of them are present in every 'apocalypse,' and constitute its most conspicuous and distinctive feature. A brief account of two or three of the more important apocalypses may help to give substance to what has been said.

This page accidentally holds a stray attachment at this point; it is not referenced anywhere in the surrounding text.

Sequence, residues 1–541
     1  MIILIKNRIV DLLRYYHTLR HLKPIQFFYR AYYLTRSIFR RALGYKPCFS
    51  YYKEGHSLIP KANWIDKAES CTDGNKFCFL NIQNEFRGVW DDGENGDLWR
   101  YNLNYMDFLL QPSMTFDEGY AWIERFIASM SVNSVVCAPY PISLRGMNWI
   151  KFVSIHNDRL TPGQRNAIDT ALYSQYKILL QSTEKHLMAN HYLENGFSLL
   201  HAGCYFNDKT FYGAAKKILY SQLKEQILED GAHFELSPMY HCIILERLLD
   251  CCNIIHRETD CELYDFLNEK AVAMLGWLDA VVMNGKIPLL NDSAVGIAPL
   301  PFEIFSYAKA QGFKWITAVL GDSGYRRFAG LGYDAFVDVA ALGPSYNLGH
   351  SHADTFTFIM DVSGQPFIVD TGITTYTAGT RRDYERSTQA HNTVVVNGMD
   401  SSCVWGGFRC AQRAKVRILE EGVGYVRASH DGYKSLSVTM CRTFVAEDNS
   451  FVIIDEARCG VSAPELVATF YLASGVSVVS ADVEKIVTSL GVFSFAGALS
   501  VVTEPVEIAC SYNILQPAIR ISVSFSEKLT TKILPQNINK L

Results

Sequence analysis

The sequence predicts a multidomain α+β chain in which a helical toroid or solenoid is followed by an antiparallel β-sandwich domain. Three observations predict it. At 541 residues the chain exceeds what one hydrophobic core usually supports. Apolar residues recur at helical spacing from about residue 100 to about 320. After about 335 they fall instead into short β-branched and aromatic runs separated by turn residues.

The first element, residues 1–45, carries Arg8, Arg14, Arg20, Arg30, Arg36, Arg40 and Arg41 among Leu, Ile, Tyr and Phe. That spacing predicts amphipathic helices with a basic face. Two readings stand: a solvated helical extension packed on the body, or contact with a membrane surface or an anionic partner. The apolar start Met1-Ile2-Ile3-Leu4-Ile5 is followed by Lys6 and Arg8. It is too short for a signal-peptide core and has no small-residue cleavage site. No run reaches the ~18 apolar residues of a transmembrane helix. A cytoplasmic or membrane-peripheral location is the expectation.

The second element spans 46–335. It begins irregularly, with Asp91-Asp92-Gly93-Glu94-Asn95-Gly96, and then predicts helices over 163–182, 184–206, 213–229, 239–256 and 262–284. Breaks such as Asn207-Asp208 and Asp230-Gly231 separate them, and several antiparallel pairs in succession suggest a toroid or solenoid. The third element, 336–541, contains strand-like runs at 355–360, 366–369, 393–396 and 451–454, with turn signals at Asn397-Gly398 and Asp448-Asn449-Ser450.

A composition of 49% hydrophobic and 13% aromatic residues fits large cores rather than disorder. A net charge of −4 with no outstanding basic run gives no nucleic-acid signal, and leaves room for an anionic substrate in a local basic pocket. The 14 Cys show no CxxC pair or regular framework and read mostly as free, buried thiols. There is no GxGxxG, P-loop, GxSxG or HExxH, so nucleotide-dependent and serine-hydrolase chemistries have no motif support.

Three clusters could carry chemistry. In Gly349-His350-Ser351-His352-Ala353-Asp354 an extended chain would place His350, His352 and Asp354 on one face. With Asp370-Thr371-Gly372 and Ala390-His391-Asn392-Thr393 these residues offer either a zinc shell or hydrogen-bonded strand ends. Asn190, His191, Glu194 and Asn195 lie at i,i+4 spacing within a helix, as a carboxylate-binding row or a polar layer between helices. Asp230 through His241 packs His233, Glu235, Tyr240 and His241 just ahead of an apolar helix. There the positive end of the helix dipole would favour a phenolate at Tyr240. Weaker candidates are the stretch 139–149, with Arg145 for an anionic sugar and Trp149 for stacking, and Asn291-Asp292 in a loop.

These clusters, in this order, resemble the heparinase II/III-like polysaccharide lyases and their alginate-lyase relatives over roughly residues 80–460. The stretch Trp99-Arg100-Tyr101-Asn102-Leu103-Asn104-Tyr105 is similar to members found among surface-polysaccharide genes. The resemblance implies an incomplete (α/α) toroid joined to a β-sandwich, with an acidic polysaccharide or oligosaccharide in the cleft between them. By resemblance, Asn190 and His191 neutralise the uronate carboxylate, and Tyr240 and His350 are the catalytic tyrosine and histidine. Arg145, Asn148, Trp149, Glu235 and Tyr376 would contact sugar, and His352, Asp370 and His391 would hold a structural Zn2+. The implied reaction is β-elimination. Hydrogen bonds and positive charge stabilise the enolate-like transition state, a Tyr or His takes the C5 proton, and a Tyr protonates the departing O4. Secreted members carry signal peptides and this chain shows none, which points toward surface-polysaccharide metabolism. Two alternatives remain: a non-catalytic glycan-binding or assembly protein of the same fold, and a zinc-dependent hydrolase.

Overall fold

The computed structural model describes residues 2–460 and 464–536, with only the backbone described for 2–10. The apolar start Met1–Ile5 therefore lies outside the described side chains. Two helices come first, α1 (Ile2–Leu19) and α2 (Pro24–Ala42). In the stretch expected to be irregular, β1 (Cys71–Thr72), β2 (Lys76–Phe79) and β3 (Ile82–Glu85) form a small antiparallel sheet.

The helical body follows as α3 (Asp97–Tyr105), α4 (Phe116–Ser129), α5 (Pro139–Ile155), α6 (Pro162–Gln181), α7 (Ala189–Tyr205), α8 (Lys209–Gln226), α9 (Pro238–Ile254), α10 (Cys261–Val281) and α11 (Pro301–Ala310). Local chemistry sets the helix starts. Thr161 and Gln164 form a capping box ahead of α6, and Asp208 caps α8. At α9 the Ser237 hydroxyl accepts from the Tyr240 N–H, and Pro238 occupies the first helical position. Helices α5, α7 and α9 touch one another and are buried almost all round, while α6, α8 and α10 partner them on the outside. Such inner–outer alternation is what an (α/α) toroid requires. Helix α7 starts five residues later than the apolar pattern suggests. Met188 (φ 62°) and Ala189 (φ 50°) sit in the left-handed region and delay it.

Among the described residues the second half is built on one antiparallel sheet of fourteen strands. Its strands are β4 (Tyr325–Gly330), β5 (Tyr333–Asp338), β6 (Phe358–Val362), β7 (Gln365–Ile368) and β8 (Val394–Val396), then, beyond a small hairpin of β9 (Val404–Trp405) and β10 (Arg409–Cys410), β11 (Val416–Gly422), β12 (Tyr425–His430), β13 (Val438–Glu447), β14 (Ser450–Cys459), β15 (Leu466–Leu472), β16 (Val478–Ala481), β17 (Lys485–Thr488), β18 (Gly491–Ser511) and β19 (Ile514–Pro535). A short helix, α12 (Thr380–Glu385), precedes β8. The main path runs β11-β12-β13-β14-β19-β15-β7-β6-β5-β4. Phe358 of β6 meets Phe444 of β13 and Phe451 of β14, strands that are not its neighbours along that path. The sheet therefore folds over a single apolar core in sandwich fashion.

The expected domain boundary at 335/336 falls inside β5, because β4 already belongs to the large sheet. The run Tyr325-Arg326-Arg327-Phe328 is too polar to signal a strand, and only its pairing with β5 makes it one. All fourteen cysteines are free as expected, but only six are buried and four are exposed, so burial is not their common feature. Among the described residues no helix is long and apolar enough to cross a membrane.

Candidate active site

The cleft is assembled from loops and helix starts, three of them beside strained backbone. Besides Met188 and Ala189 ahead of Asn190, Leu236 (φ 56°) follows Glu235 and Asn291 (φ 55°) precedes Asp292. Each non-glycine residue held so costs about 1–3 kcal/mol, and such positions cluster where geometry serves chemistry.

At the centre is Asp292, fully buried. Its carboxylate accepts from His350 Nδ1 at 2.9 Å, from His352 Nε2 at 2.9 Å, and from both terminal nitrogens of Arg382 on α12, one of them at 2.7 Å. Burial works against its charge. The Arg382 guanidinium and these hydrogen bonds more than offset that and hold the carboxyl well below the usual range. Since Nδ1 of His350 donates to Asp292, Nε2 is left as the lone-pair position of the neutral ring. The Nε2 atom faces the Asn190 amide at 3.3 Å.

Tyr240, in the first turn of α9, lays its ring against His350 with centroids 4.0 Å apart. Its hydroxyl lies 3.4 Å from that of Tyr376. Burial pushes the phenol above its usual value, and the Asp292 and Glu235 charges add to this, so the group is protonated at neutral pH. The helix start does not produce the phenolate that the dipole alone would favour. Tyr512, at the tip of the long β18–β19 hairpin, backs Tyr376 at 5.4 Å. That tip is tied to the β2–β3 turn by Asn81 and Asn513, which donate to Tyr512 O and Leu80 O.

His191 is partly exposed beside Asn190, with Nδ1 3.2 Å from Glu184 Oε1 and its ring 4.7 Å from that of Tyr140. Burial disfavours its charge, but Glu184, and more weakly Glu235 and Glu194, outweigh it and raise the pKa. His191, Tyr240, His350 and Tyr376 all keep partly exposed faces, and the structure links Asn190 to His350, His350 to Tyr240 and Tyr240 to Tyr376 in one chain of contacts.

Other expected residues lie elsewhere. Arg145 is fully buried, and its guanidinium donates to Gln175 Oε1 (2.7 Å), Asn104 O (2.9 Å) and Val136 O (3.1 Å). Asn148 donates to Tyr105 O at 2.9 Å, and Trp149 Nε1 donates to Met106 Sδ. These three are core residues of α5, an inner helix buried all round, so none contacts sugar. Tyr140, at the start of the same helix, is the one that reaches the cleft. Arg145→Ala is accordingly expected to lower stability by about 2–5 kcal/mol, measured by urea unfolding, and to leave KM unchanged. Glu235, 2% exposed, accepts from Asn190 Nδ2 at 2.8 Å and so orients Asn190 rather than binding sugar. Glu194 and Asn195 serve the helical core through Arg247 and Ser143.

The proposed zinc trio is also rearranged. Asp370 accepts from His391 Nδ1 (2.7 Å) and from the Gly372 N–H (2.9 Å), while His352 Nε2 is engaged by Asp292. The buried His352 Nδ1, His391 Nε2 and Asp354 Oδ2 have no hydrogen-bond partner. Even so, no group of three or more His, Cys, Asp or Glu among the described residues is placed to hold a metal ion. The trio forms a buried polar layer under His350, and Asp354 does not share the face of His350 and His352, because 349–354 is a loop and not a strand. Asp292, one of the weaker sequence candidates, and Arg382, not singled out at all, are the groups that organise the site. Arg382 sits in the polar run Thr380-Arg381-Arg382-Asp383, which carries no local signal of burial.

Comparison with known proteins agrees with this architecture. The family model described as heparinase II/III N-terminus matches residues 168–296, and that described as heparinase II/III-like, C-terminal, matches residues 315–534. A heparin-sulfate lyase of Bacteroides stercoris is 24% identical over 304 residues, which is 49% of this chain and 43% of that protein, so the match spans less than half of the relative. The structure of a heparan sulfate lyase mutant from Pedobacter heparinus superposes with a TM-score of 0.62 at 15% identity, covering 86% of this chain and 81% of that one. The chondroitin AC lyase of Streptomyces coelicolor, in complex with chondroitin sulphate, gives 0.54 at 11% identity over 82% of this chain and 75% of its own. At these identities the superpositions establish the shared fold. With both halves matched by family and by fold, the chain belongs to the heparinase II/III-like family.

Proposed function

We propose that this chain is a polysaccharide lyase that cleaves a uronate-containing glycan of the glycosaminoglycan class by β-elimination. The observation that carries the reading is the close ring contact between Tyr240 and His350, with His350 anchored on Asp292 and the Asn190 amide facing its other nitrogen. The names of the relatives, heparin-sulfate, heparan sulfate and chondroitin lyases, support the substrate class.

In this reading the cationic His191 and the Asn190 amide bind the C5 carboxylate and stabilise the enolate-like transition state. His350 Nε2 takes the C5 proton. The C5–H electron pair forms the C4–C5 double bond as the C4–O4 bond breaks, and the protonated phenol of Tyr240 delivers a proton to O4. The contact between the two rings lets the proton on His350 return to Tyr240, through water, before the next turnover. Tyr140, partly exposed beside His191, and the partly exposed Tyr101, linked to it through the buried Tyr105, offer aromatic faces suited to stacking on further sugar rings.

The Book of Enoch is the longest known work of the kind; and in its earliest parts (for it is evidently of composite authorship) is certainly the nearest in date to the Book of Daniel. It is said of Enoch in Gen. v. 24 that he 'walked with God'; and the expression was taken in later times to mean not only that he led a godly life, but also that he was the recipient of supernatural knowledge. The 'Book of Enoch' gives an account of the knowledge which he was supposed in this way to have attained. The oldest sections of the book are chs. i.-xxxvi., lxxii.— cviii., probably (Dillmann, Schürer) c. 120 B.C., and chs. lxxxiii.—xc. may even, according to Charles, be almost contemporary with Daniel (B.C. 166—161). In chs. i.-xxxvi. Enoch first (ch. i.) tells how he had had a vision of future judgement: God would appear, 'with ten thousands of His holy ones' (Jude 14, 15) on Mount Sinai, to punish the fallen angels, and wicked men, and to reward the righteous with peace and felicity. In chs. xvii.-xxxvi. he relates how he had been led in vision through different parts of the earth; and had been shewn by an angel, Uriel or Raphael, the fiery abyss prepared for the rebellious angels, Sheol, with four divisions set apart for different classes of the departed (xxii.), Jerusalem (xxv.-xxvi.), Gehenna (the valley of Hinnom) close by (xxvii.), and Paradise, with the tree of life, in the far East (xxxii.). The ultimate lot of the righteous, as depicted here, is not, however, eternal life in heaven, but long, untroubled life in an ideal Paradise on earth. In chs. lxxxiii.-xc.perhaps, as just said, the oldest part of the book,-Enoch recounts to his son Methuselah two visions which he has seen. The first vision (lxxxiii.—lxxxiv.) describes the approaching Deluge; the second (lxxxv.—xc.) unfolds, in a symbolical form,-the leaders of the chosen race being represented by domestic animals, bulls or sheep, and the Gentiles by different wild beasts and birds of prey, the entire history of the patriarchs and Israel, from Adam to the author's own time; after that (xc. 18 ff.) God Himself appears to judge the world, Israel's oppressors are destroyed, and the Messianic kingdom is established. The events indicated by the symbolism are usually sufficiently clear; but sometimes (as in Daniel) there is ambiguity: